# How to format your references using the Geografisk Tidsskrift-Danish Journal of Geography citation style

This is a short guide how to format citations and the bibliography in a manuscript for Geografisk Tidsskrift-Danish Journal of Geography. For a complete guide how to prepare your manuscript refer to the journal's instructions to authors.

## Using reference management software

Typically you don't format your citations and bibliography by hand. The easiest way is to use a reference manager:

## Journal articles

Those examples are references to articles in scholarly journals and how they are supposed to appear in your bibliography.

Not all journals organize their published articles in volumes and issues, so these fields are optional. Some electronic journals do not provide a page range, but instead list an article identifier. In a case like this it's safe to use the article identifier instead of the page range.

A journal article with 1 author
Bottjer, D. J. (2012). Geochemistry. Life in the Early Triassic ocean. Science (New York, N.Y.), 338(6105), 336–337.
A journal article with 2 authors
Romanowicz, B., & Giardini, D. (2001). Geophysics. The future of permanent seismic networks. Science (New York, N.Y.), 293(5537), 2000–2001.
A journal article with 3 authors
van Doorn, G. S., Edelaar, P., & Weissing, F. J. (2009). On the origin of species by natural and sexual selection. Science (New York, N.Y.), 326(5960), 1704–1707.
A journal article with 8 or more authors
Wang, X., Chen, H., Yin, H., Kim, S. S., Lin Tan, S., & Gosden, R. G. (2002). Fertility after intact ovary transplantation. Nature, 415(6870), 385.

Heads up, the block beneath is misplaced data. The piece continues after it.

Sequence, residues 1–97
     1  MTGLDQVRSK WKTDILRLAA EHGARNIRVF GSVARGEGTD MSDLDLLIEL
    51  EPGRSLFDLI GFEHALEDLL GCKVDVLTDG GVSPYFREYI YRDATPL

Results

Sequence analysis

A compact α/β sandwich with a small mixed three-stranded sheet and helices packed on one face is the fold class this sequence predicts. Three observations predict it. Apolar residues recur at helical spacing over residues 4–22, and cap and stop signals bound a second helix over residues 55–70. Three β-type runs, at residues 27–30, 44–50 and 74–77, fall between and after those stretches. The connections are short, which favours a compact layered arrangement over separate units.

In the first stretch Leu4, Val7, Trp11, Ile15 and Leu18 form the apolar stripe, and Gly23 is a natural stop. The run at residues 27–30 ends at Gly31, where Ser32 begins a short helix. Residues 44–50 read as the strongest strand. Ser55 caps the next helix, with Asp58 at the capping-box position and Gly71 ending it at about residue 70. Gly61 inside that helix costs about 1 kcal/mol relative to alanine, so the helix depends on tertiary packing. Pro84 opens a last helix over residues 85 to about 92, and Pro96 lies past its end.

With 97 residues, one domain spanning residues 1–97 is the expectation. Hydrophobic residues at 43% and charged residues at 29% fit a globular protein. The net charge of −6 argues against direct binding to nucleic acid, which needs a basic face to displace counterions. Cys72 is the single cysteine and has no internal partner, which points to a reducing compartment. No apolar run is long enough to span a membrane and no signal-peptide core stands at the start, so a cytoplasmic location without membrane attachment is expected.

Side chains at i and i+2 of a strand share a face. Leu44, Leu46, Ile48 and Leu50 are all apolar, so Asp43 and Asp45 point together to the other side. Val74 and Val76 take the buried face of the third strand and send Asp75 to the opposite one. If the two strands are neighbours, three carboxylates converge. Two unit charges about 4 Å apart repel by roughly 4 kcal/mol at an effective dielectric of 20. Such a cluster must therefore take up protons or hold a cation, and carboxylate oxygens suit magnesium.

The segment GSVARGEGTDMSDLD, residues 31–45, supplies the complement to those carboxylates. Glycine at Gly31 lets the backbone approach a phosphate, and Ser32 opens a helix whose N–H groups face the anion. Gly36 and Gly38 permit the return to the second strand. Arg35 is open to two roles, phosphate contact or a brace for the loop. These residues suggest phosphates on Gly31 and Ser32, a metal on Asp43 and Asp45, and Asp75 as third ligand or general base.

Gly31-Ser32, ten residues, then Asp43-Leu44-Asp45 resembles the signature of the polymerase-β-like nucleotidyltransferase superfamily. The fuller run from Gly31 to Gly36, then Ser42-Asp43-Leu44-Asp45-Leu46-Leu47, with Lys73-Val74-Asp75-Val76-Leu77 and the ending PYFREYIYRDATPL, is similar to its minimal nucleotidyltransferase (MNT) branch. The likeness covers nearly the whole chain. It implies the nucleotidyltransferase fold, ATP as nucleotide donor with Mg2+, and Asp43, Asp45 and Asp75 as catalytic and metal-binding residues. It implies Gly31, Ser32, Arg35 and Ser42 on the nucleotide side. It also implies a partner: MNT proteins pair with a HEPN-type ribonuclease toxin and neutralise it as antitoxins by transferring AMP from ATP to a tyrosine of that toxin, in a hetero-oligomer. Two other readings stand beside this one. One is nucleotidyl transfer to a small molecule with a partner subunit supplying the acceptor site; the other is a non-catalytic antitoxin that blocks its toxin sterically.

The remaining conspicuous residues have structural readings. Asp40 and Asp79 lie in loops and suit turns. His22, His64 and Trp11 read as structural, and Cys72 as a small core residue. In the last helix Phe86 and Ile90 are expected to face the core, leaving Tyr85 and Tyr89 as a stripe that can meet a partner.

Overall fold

## Books and book chapters

Here are examples of references for authored and edited books as well as book chapters.

An authored book
Perlmutter, D. D., & Rothstein, R. L. (2010). The Challenge of Climate Change. John Wiley & Sons, Ltd.
An edited book
Müller, W. E. (Ed.). (2005). St. John’s Wort and its Active Principles in Depression and Anxiety. Birkhäuser.
A chapter in an edited book
Chacón Rebollo, T., & Lewandowski, R. (2014). The $$k-\varepsilon$$ Model. In R. Lewandowski (Ed.), Mathematical and Numerical Foundations of Turbulence Models and Applications (pp. 83–114). Springer.

## Web sites

Sometimes references to web sites should appear directly in the text rather than in the bibliography. Refer to the Instructions to authors for Geografisk Tidsskrift-Danish Journal of Geography.

Blog post
Andrew, E. (2015, September 19). Asthmatic Sea Otter Learns To Use An Inhaler. IFLScience; IFLScience. https://www.iflscience.com/plants-and-animals/asthmatic-sea-otter-learns-use-inhaler/

## Reports

This example shows the general structure used for government reports, technical reports, and scientific reports. If you can't locate the report number then it might be better to cite the report as a book. For reports it is usually not individual people that are credited as authors, but a governmental department or agency like "U. S. Food and Drug Administration" or "National Cancer Institute".

Government report
Government Accountability Office. (1989). Computer Systems: Types and Sources of Department of State Lookout Records (IMTEC-89-71FS). U.S. Government Printing Office.

## Theses and dissertations

Theses including Ph.D. dissertations, Master's theses or Bachelor theses follow the basic format outlined below.

Doctoral dissertation
Hebel, O. (2012). Parental involvement in the individual educational program for Israeli students with disabilities [Doctoral dissertation]. University of Phoenix.

## News paper articles

Unlike scholarly journals, news papers do not usually have a volume and issue number. Instead, the full date and page number is required for a correct reference.

New York Times article
Ford Fessenden; Kate, & Reporting, L. S. C. (2007, April 8). Long Island Aid Comes at Westchester’s Expense. New York Times, 14WC5.

## In-text citations

References should be cited in the text by name and year in parentheses:

This sentence cites one reference (Bottjer, 2012).
This sentence cites two references (Bottjer, 2012; Romanowicz & Giardini, 2001).

Here are examples of in-text citations with multiple authors:

• Two authors: (Romanowicz & Giardini, 2001)
• Three authors: (van Doorn et al., 2009)
• 6 or more authors: (Wang et al., 2002)